In the 1960s, Boulder's Greenbriar Inn transformed a building that dated back to1873 into a restaurant, a spot near Lefthand Canyon that attracted wedding parties and special-occasion celebrations with an ostentatious menu of now-dated, then-staples of fine dining, mostly heavily sauced dishes prepared tableside.
The eatery has evolved since then, especially after Phil Goddard bought it in the mid-1990s and nixed much of the food of yesteryear in favor of a seasonal menu that changes at least eight times a year. Today, Greenbriar Inn still does bananas Foster and Caesar salad tableside, but it also turns out quail, rabbit paté, pork belly with rhubarb compote, and watercress soup using produce harvested from its own garden.
And now, the spot is about to undergo a facelift to bring a similar mesh of classic and modern to the interior.
"We're already pretty progressive in terms of our food," says Goddard. "We're not changing the theme of the restaurant. It's just time to give the interior space a fresher look." Nothing has been updated since he gutted the place when he took over in 1996, he notes.
That fresh look, says Dish Publicity owner Kate Lacroix, who's overseeing the redesign, will aim to preserve Greenbriar's heritage of celebration and occasion while also making it accessible to new diners. "We're definitely wanting to cultivate a new clientele without alienating the clientele that we already have," she explains.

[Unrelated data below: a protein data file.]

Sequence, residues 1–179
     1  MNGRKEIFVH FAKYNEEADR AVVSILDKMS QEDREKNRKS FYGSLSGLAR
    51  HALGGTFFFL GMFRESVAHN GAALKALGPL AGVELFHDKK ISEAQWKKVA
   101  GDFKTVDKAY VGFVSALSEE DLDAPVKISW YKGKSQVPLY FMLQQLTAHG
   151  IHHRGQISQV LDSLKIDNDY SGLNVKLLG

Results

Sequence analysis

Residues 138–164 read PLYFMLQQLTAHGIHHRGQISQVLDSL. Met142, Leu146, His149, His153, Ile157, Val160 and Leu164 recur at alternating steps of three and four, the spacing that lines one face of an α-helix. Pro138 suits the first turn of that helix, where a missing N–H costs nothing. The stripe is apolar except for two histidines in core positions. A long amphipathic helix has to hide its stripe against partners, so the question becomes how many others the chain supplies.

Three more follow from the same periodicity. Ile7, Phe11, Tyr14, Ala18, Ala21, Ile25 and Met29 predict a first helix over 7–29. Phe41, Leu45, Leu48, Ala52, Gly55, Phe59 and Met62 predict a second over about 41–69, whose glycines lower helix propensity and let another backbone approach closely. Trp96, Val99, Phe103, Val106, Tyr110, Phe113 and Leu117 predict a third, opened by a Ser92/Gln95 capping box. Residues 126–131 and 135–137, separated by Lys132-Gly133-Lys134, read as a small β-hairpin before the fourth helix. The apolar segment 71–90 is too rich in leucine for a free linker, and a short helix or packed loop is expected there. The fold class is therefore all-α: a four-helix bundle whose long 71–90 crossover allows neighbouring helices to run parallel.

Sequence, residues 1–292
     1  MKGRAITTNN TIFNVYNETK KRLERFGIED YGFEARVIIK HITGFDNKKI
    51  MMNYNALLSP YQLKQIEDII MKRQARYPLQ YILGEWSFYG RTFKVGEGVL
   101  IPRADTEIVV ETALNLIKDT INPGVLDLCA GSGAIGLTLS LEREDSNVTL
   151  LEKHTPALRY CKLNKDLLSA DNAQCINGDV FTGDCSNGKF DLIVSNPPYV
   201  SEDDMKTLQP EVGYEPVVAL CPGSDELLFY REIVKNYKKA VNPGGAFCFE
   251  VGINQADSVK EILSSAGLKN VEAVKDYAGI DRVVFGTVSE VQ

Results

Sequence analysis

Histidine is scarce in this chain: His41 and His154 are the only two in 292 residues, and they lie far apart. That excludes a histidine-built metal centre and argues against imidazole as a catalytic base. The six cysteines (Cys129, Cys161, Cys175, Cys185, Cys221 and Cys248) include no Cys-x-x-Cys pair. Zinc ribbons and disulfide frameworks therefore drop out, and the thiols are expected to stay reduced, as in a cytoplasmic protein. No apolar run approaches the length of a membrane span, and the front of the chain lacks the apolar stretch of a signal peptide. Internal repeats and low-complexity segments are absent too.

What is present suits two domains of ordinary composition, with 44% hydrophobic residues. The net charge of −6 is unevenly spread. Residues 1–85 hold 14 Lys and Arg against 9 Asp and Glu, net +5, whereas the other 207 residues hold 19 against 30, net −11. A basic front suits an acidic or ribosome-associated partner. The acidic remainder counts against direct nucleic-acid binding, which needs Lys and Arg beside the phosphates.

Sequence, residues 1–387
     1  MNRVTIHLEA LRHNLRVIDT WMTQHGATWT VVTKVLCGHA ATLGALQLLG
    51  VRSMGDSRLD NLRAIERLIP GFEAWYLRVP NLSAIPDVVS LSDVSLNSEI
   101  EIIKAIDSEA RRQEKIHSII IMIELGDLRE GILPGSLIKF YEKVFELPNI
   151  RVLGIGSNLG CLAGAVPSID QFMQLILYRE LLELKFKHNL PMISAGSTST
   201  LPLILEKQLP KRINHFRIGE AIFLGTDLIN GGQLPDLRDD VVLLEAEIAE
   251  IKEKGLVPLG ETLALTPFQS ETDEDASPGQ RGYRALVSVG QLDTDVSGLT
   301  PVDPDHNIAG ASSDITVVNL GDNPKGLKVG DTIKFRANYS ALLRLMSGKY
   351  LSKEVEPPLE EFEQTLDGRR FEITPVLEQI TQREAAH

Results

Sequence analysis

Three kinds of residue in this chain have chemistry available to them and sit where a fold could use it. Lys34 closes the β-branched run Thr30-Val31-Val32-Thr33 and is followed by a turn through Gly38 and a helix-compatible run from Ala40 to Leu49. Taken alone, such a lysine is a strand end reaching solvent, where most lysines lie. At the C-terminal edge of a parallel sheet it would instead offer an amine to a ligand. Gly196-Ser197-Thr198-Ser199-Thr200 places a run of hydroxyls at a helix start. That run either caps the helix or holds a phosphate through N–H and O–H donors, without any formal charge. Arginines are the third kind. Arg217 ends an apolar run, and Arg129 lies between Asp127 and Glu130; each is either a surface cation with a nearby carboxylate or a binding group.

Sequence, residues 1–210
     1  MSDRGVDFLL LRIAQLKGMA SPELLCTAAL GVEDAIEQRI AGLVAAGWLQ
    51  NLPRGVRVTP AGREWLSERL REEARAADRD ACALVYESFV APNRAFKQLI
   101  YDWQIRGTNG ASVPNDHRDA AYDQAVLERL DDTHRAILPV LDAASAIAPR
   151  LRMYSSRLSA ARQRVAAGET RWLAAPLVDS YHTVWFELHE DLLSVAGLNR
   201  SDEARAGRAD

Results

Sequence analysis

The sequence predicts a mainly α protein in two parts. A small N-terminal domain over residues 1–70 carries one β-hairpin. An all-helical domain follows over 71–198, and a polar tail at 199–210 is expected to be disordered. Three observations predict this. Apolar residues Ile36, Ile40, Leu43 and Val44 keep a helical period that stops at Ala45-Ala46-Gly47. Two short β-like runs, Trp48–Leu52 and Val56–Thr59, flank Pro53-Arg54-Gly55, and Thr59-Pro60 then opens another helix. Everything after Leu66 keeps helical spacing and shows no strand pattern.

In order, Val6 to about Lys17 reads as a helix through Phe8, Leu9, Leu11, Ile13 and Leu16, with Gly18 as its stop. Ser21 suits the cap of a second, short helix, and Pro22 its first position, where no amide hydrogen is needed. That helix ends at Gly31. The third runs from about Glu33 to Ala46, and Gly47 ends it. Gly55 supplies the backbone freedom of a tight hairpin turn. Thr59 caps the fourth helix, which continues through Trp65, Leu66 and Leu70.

We Believe Local Journalism is Critical to the Life of a City
Support Our Journalism
To do so, she's taking inspiration from the sexy, funky parts of the TV series Madmen and the original garage use of Greenbriar's space, picking up fabrics, colors and lighting that communicate the history of the 140-year-old building in a fresh way. For instance, there will be an indoor and outdoor fireplace, old garage lights and new granite. "I'd have Adirondack chairs on the patio, blankets around your knees and outdoor firepits, too, but I don't know if that's legal," she jokes. The intent, she says, is to draw everyone from age 25 to age 85, giving Greenbriar room to grow.
But even with the changes, Goddard promises the Greenbriar won't shift its identity. "We're trying to make sure we don't lose who we are," says Goddard. "We've been a wonderful restaurant for 45 years now."
Goddard also says the spot should stay open throughout the remodel, since the team will make changes dining room by dining room. The facelift should be complete in the next six to eight weeks.